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Tag Archives: eulogy

An Eerie Sense of Loss

Wedding in the Grove

A really beautiful ceremony in the Avocado grove of the London home – Nipomo, CA

I attended a really nice wedding this past Saturday. The groom is the only son of a long-time, childhood friend. Amazingly, I never had the opportunity to get to know this young man. For numerous reasons, he just didn’t come into my life. Part of it was they lived on the East Coast during his early years and I never made it out there. There are surely other reasons, but I’ll be damned if I can clearly articulate them . . . at least not without straying from the message I want to convey in this post.

After the ceremony and after we’d all sat down and eaten dinner, the Best Man and Maid of Honor presented their toasts. They were good. Actually, they were excellent. Heartfelt, somewhat revealing, and occasionally quite funny. Afterward, they opened the mic up for anyone who wanted to speak and several did.

What was strange for me was I had this eerie feeling I wanted to speak. As I said, I know virtually nothing about the Groom. I have not spent more than a moment in his presence as far as I can remember. Of course, I didn’t (and wouldn’t) get up and take the microphone. I know what I was feeling was, in large part, about me – not him. However, in that moment I was reminded of how similar I have felt at funerals.

Now, before you think I’m getting all macabre, let me explain. I have written before of my feeling attending funerals of people I never had the opportunity to meet. The situation was somewhat similar – at least as far as the having never met part goes. I did not know the son of a long-time friend, someone who had been my roommate more than once. Someone I had spent many years with and with whom I shared dozens of friends. Someone who I feel very much is family.

As those toasts were taking place, and the Bride and Groom were being hailed and revealed, I felt a sudden sense of great loss, much like I have when listening to eulogies. I suppose that’s what made it so damned eerie – as they were very much alive and, in fact, at the very beginning of a special journey. I almost felt guilty.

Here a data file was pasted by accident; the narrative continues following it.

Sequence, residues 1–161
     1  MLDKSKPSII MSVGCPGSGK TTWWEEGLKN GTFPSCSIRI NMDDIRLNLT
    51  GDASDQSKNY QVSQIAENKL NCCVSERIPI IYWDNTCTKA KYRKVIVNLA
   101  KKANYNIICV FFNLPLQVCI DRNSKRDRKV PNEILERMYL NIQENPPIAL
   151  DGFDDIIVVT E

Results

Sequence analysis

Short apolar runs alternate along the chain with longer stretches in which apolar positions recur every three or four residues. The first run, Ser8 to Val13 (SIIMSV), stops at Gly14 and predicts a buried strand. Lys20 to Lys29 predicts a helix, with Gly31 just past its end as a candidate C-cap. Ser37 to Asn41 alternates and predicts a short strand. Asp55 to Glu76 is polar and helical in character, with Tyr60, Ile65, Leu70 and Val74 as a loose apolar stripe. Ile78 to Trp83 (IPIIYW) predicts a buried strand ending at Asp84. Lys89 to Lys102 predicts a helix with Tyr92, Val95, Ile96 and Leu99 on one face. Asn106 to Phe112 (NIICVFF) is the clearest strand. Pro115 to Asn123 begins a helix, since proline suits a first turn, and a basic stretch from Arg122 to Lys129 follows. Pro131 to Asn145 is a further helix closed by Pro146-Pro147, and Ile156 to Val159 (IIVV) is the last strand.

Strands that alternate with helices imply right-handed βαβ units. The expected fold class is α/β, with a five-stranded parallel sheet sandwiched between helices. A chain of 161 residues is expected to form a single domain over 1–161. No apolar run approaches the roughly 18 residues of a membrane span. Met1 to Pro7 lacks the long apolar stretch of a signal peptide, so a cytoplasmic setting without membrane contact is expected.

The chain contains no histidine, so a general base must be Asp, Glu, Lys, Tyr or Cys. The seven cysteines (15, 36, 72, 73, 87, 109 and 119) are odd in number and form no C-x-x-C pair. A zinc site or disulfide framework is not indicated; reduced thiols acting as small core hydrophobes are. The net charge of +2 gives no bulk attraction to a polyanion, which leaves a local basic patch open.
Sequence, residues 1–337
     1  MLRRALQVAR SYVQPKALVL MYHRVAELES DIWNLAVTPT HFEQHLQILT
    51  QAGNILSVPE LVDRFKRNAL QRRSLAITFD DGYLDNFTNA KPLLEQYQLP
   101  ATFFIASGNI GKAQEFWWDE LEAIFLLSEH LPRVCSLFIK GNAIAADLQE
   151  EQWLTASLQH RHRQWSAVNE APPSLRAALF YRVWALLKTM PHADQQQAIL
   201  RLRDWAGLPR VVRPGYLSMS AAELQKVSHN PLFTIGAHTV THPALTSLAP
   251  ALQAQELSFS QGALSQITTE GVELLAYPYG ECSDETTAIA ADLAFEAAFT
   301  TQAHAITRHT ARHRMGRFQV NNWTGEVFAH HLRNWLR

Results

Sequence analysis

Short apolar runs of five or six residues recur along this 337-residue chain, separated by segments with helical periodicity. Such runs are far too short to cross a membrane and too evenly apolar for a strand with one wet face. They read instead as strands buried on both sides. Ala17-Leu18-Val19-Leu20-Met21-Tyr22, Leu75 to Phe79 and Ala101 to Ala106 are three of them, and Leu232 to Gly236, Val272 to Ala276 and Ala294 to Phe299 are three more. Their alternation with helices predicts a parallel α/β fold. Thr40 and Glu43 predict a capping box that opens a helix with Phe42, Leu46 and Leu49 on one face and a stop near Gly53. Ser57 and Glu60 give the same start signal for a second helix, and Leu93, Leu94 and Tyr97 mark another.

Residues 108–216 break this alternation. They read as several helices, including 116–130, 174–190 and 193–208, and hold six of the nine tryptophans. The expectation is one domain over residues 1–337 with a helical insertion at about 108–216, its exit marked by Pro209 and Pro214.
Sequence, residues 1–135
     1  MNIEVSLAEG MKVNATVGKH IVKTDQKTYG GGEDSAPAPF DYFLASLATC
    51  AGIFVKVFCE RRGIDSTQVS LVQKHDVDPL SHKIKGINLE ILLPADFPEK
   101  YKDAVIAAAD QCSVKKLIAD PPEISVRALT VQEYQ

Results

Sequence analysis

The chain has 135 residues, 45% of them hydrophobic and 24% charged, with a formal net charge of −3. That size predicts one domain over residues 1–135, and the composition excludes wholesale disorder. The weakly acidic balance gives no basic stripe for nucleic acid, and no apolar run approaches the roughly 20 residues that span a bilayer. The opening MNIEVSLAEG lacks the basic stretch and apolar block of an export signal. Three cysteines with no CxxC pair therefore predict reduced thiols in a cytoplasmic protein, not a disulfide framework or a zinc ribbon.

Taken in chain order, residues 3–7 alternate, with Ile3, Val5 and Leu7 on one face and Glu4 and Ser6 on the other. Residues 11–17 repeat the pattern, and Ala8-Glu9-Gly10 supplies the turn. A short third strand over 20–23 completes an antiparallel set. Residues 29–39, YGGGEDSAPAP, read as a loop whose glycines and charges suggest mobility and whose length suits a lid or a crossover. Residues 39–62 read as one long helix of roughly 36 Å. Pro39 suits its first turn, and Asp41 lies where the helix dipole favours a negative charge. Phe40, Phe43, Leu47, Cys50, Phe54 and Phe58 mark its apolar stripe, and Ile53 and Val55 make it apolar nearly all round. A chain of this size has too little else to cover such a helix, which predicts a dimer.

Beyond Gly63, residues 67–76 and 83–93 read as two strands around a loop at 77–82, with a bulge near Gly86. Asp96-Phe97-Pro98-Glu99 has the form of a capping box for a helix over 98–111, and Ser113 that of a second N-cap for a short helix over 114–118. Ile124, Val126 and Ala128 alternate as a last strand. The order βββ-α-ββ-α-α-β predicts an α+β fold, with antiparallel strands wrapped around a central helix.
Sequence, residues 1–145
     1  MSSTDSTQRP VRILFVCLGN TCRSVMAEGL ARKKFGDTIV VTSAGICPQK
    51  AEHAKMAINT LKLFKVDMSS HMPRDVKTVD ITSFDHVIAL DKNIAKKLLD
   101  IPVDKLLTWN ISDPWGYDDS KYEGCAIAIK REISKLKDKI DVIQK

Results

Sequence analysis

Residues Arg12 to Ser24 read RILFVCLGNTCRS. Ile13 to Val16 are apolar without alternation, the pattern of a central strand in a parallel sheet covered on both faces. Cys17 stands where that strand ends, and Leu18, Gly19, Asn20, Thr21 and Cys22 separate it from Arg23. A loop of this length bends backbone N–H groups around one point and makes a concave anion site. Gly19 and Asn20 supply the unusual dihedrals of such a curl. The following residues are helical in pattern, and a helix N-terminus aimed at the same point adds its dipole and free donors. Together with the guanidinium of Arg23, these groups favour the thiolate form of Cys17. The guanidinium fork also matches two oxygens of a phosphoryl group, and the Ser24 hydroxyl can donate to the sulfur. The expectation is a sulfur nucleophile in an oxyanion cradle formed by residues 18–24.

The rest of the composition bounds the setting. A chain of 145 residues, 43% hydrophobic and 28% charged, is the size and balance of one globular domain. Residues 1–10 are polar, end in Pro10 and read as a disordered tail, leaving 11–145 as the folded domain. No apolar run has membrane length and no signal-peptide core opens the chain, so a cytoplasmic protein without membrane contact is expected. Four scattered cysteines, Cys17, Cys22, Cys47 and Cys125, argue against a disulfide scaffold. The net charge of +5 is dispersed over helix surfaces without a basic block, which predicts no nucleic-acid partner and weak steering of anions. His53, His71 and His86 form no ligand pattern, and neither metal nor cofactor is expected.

I had my daughters with me, it was getting late, and we had a nearly three-hour drive ahead of us, so we left shortly after the speeches. Actually, although they wanted to go (it was also getting a bit chilly and we weren’t adequately prepared for it – mea culpa), they wouldn’t leave until they’d had a piece of the wedding cake. I managed to grab a cup of coffee as well. As we were leaving, I remembered something the Best Man had said. He talked about how he and the Groom had spent many hours discussing religion and politics. As we took our leave, I took the Groom aside and remarked about the reality we had never gotten to know one another. I also told him of the many hours I had spent with his father discussing religion and politics and how I hoped, perhaps, we could still get to know each other. He reminded me I have his cell phone number.

I don’t know if we’ll communicate much, but I hope we do. There are so many important things we miss in life, frequently because we’re a bit overwhelmed by all the little things that vie for our attention. I don’t like the sense of loss they bring. On the other hand, I’m reasonably certain this will continue in other ways. There just isn’t enough time and there are too many obligations we all face. <sigh>

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There Are No Ordinary People

Ordinary PeopleBased on the amount of traffic I’m seeing about the tragedy in Connecticut yesterday, I’m reasonably certain the fallout from this event is not going to soon subside. In fact I’m wondering if, now that the election is over, all the energy that had gone into finding ways to communicate and share in order to affect the outcome of the November contests isn’t looking for another avenue to express itself. We’ll see.

There’s one particular aspect of this tragedy that struck me recently and I wanted to quickly share my feelings about it. It has nothing to do with guns and violence, but it definitely has to do with death and loss. A Facebook (and real life) friend of mine shared this article from the New York Times and, in a comment later, said the following: “Ordinary people are much more courageous than we give them credit for being.”

This reminded me of something that has long intrigued me. I’m curious to know if others have felt the same. I have been to quite a few funerals or memorial services in my life for people I either didn’t know at all or knew very superficially. These include members of my wife’s family, spouses of co-workers, employees at a favorite venue, etc.

One of the things that stands out in my recollection of those experiences is the feeling I always got that I had missed something; that a special person had slipped through my fingers and now I would be forever barred from appreciating their existence and the particular light they shone out into the world.

Now, I know I can’t possibly get to know everyone, yet listening to friends, family, and co-workers reminisce and reflect on the life of the person for whom we were gathered together in memory of, always seemed to leave me with a feeling of incompleteness, of having missed something wonderful and extraordinary.

I’m of the opinion there’s no such thing as an ordinary person.


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